Generic Drug Name: Pergolide
Other Common Names: Prascend
Pergolide is a dopamine agonist that is used in the treatment of pituitary pars intermedia dysfunction (PPID), or Cushing's disease, in horses. It controls the output of ACTH, which is a hormone that regulates cortisol levels. Cortisol is a steroid hormone released by the adrenal cortex.
Pergolide is generally necessary throughout life to keep symptoms of PPID in check. Levels and blood work should be performed periodically to ensure effectiveness of dosing.
Depression and loss of appetite are two of the more common side effects associated with the use of pergolide. These side effects are usually temporary and fade with continued treatment.
A prior form of this medication was removed from the market due to very serious adverse events and reports of death associated with its use in humans. Pergolide is for veterinary use only.
Pergolide interacts with a variety of medications and supplements, including acepromazine, metoclopramide, and dopamine antagonists. It is crucial to report all medications being taken to a veterinarian before undergoing treatment with pergolide or any other drug.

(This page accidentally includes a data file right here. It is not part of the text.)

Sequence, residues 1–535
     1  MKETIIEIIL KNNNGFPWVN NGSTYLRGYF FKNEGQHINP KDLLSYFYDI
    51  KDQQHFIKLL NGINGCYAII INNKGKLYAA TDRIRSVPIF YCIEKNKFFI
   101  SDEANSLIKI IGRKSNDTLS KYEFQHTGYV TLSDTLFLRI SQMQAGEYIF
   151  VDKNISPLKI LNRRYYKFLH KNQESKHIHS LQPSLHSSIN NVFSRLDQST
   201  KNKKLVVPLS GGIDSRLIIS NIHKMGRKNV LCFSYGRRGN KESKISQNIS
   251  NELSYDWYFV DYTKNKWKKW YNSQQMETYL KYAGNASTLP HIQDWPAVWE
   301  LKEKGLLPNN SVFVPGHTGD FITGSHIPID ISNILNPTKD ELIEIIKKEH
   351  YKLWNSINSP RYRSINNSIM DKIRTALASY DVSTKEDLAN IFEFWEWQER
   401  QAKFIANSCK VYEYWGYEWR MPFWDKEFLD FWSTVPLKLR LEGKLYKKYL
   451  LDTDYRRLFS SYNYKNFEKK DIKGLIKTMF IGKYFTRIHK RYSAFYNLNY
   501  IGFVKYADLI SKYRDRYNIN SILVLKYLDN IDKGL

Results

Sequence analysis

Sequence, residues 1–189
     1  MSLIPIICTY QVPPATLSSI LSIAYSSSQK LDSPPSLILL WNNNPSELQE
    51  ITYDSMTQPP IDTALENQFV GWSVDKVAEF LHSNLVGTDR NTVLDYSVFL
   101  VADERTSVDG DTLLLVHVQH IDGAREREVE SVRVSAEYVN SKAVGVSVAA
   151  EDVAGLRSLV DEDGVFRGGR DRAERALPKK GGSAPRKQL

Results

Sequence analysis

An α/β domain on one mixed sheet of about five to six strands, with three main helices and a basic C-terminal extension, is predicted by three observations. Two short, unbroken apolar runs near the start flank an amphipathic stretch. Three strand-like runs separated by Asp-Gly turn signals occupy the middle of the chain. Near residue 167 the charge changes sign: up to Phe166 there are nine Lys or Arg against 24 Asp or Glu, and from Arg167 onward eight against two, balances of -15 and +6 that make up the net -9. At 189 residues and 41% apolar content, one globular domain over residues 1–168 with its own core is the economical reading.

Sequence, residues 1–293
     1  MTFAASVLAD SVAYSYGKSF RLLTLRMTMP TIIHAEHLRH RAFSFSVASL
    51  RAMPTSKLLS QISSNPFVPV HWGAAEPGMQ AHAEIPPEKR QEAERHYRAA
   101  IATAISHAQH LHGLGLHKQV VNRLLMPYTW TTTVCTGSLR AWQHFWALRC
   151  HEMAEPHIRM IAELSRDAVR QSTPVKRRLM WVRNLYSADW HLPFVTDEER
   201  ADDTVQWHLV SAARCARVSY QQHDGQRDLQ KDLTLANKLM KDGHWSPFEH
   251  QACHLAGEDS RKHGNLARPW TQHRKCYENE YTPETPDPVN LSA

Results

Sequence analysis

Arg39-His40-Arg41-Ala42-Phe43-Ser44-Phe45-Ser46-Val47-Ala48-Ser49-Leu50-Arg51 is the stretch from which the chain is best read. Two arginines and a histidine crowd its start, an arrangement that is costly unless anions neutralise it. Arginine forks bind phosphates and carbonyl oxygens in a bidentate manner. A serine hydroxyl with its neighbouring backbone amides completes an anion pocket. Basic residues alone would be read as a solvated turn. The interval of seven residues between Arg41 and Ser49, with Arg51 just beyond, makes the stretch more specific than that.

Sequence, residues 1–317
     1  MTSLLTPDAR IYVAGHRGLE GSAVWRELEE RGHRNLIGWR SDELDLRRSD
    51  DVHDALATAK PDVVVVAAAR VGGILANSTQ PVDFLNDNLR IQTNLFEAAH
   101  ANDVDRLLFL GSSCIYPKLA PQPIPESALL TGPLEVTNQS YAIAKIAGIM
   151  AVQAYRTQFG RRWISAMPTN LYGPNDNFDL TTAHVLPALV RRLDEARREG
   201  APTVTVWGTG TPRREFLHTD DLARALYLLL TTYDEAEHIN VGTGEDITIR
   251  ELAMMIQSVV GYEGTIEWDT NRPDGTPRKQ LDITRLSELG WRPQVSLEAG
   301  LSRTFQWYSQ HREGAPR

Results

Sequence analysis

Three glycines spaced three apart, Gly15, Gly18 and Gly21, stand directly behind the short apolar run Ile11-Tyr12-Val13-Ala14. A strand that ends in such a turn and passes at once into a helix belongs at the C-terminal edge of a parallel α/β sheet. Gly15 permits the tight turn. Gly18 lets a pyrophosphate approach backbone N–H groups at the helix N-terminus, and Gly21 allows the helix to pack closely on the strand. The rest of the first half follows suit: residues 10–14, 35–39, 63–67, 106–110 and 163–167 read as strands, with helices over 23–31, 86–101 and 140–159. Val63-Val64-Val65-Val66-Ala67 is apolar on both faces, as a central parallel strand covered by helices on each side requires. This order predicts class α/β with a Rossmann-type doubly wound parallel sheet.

Pergolide should not be used in animals with a known allergy or hypersensitivity to the drug. Possible symptoms of pergolide overdose include seizure, hypotension, and GI disturbance. Any known or suspected overdose should be reported to a veterinarian right away.
Pergolide should be stored in a tightly-sealed container, in a dry location, and at room temperature. It should not frozen. Pergolide should be kept out of the reach of children and animals.
Pergolide is available in 1 mg tablets for veterinary use only. Other forms of this medication may be available from compounding pharmacies.
The typical starting dose in horses is 0.5 to 1.0 mg per horse. Higher doses may be necessary. Doses may vary in different species, when the drug is given by a different route or concurrently with other medications, and with regards to a patient's age, breed, and health status. A veterinarian's dosing instructions and/or those printed on the medication label should be followed closely.
If a dose of pergolide is missed, it should be given as soon as possible. If it is almost time for the next dose, the missed dose should be skipped and the regular schedule resumed. Two doses of this medication should not be given at the same time.